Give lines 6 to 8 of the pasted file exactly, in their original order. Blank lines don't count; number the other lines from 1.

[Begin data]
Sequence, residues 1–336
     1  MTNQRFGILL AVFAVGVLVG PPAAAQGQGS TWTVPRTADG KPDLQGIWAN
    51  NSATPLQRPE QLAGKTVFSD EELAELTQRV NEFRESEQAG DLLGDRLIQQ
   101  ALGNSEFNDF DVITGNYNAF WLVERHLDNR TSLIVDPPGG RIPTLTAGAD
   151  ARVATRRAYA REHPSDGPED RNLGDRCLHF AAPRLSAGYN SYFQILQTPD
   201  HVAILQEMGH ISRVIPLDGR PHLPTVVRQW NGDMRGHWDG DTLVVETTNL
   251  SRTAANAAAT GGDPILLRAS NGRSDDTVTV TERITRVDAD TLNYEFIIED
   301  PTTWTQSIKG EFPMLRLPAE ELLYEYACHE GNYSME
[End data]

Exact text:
   201  HVAILQEMGH ISRVIPLDGR PHLPTVVRQW NGDMRGHWDG DTLVVETTNL
   251  SRTAANAAAT GGDPILLRAS NGRSDDTVTV TERITRVDAD TLNYEFIIED
   301  PTTWTQSIKG EFPMLRLPAE ELLYEYACHE GNYSME